The penny-farthing was the standard until the diamond-frame "safety bike" was "invented" and revolutionalized the world of bikes.

It seems to me strange to have to "invent" to put the same size of wheels on a bike, composed of two triangles (the idea of triangles is meny hundreds of years old in civil engineering).

Why did those awkward and dangerous bikes exist?

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    Created a new tag "history". Edit away,if you wish.
    – Vorac
    Commented Aug 7, 2013 at 9:18
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    You could ask: Why was the bike, in any form, not really invented until the 1800s? Certainly the raw technology was there (keeping in mind that "safety bicycle" frames and wheels were initially made with wood). Commented Aug 7, 2013 at 18:01
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    @DanielRHicks: the raw technology was not there. Commented Aug 8, 2013 at 17:14
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    @whatsisname - How so? Wheeled wagons had been around for at least a thousand years. Metal was available for bearings, and even if not, wood made good bearings if you used a hard wood and charred the bushings. Belts of leather were well within the ability of even the average tinkerer to make. Commented Aug 8, 2013 at 19:27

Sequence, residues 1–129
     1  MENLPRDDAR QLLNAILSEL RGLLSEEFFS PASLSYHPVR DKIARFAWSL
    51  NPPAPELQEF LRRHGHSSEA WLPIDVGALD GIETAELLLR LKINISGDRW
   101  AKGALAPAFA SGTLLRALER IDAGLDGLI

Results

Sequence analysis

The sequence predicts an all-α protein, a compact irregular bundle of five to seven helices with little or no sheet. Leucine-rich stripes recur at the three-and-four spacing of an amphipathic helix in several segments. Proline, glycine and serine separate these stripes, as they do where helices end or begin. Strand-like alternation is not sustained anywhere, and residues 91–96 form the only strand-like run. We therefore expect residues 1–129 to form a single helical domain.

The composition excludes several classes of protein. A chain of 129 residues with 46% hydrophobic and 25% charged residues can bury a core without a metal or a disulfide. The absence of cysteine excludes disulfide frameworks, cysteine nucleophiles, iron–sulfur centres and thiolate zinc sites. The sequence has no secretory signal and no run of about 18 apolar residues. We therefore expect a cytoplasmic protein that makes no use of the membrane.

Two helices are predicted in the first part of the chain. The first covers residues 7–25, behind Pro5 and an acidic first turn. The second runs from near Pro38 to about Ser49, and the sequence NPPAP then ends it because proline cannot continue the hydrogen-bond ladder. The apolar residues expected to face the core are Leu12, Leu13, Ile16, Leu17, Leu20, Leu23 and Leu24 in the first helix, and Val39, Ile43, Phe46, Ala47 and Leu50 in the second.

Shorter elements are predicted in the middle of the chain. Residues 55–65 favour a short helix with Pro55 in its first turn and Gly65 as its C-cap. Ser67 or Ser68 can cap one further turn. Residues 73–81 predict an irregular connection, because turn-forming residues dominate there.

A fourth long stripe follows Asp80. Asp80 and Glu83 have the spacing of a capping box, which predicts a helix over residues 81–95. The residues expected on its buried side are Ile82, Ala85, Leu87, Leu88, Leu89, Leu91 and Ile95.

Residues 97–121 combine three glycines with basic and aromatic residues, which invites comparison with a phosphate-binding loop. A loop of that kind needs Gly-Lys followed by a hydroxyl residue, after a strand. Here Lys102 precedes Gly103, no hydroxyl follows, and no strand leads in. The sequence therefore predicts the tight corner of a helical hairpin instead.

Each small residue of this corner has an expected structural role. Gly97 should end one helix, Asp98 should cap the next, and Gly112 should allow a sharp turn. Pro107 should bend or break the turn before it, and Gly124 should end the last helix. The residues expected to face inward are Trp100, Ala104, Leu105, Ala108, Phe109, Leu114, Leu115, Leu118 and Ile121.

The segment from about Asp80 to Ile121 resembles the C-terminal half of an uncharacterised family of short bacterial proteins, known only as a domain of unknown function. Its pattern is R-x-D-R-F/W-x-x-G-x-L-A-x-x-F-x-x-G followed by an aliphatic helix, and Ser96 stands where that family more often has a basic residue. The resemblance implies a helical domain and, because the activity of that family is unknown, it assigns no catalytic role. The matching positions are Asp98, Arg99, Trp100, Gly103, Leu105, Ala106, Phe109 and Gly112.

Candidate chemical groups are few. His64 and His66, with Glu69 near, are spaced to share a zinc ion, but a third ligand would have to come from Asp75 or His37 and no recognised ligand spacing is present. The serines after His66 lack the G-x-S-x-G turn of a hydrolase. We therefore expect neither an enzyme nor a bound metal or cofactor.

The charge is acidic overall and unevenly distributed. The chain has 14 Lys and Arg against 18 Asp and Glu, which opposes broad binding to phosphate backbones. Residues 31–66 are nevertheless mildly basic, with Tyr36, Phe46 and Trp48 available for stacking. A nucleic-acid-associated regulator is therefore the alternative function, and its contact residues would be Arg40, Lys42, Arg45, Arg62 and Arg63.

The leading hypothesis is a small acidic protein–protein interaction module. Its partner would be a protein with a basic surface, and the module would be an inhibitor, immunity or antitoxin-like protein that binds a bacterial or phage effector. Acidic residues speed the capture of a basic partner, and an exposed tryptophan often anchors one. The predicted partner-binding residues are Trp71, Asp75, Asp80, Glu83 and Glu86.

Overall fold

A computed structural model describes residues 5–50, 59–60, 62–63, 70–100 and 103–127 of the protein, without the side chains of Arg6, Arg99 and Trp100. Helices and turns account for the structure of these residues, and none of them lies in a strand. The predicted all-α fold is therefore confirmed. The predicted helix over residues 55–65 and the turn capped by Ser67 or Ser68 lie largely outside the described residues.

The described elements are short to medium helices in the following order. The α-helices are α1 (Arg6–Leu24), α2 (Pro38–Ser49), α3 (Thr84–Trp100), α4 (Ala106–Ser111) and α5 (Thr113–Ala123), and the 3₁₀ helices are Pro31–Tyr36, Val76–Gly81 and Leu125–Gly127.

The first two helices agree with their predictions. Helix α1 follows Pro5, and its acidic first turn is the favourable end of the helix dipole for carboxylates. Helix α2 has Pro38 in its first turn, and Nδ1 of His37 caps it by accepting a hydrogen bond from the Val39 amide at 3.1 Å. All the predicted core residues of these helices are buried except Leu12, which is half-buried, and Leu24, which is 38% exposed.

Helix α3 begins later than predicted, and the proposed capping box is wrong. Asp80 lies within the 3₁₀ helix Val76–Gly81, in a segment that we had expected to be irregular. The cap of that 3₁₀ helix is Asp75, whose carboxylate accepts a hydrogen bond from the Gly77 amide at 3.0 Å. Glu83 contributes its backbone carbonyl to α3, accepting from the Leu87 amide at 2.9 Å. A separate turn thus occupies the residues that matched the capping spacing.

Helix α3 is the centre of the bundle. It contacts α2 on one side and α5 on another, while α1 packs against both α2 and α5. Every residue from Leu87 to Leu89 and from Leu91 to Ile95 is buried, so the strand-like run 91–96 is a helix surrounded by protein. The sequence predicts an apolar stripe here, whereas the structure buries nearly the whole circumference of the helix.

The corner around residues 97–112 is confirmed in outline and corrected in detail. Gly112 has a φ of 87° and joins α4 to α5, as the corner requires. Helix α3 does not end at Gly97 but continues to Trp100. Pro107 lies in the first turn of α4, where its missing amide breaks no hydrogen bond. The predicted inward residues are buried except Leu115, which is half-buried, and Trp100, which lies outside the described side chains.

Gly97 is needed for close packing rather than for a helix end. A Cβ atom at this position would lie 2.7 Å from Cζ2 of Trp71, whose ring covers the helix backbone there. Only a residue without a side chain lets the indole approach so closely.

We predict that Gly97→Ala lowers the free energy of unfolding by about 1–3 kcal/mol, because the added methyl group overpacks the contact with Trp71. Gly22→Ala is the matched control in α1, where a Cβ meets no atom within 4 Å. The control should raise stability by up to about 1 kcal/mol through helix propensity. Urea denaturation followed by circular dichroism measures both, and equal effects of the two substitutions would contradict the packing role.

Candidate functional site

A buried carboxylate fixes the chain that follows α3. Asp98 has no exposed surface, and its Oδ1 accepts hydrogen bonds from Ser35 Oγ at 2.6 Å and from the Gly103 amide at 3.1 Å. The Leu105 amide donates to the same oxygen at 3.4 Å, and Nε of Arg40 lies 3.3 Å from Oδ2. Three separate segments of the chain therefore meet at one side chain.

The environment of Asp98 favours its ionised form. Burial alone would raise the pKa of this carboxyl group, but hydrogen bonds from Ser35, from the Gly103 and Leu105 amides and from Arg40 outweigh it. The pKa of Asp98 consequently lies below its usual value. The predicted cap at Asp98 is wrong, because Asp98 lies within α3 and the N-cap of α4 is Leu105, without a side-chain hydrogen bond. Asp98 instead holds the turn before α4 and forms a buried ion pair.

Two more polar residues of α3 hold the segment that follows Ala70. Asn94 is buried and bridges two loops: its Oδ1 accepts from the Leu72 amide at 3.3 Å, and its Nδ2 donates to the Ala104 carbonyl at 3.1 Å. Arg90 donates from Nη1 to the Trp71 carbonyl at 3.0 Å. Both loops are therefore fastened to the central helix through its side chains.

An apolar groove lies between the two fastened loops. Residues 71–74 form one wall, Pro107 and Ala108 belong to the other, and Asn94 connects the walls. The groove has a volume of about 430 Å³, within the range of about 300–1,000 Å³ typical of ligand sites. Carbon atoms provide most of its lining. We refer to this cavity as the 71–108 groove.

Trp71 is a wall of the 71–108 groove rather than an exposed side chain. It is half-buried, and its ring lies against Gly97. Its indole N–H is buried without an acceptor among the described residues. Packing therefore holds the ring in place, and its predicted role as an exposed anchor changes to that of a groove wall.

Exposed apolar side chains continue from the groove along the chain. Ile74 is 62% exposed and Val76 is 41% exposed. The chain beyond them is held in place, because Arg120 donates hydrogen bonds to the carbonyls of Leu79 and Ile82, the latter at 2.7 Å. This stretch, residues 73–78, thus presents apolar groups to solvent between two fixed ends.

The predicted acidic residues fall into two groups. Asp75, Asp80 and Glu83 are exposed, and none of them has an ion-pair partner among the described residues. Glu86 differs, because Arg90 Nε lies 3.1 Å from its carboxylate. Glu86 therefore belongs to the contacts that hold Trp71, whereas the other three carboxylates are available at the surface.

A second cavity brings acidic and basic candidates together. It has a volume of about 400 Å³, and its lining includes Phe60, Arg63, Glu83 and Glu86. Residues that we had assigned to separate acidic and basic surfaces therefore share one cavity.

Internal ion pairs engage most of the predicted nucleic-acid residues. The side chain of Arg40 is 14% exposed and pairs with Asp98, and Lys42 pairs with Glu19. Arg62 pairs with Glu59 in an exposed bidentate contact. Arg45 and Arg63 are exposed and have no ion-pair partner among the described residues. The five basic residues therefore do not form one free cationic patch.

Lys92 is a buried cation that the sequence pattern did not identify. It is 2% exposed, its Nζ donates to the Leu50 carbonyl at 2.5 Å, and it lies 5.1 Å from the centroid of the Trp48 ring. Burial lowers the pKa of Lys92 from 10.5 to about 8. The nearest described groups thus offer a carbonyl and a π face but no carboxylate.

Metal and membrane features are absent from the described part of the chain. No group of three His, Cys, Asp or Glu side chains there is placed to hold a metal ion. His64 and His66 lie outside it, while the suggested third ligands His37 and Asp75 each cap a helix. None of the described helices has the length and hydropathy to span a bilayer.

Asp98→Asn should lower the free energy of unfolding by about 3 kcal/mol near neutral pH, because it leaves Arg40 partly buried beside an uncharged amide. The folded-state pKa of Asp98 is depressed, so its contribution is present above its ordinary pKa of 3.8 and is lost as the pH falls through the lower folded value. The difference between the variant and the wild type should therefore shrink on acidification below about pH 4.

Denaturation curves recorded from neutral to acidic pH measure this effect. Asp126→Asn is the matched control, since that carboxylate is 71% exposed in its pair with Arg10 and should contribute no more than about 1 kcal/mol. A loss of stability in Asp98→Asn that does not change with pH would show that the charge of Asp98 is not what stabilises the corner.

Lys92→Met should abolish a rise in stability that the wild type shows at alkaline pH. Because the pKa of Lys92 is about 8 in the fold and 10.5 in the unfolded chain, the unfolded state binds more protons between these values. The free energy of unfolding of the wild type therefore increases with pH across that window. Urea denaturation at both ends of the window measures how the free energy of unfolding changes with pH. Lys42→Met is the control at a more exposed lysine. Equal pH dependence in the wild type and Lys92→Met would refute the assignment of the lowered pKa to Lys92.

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    @DanielRHicks: technology is not materials, it is knowledge and skill. It's really easy to think up ways to implement modern machines using ancient tools, because we already have the knowledge. Going the other way is quite a bit different. Your question is basically identical to, for example "why didn't the Romans have steam engines?" (and the Aeolipile doesn't really count). They had the abilities to produce all the raw materials for modern steam engines, but they didn't have the knowledge, that wasn't learned until the late 1700s. Commented Aug 8, 2013 at 19:45

5 Answers 5


It only seems strange to you because you've had the benefit of never having to learn the lessons of the penny farthing and the technological achievements of the safety bicycle firsthand (aka 'standing on the shoulders of giants syndrome').

The penny farthing is only awkward and dangerous because you are comparing it against a technological leap forward. That technology you are taking for granted, and are not realizing just how difficult it was to develop those technology without having the advantage of already knowing about it. Two of the key pieces of technology in a bicycle you are taking for granted:

JamesBradbury's answer shows the dandy horse.

  • Pneumatic tire: rubber tires didn't exist until 1887, when John Boyd Dunlop invented them. Without pneumatic tires, the ride from a smaller wheeled vehicle would be awful compared to a penny farthing.
  • The chain - The humble, tiny roller chain requires a significant amount of manufacturing sophistication to be made affordable. A bicycle chain has around 500 individual parts that all have to be precisely fit together. Mass production was a fairly new concept, and really only began in the 1850's and first being effectively used during the US civil war in the 1860's. Importantly, the chain wasn't invented until 1880.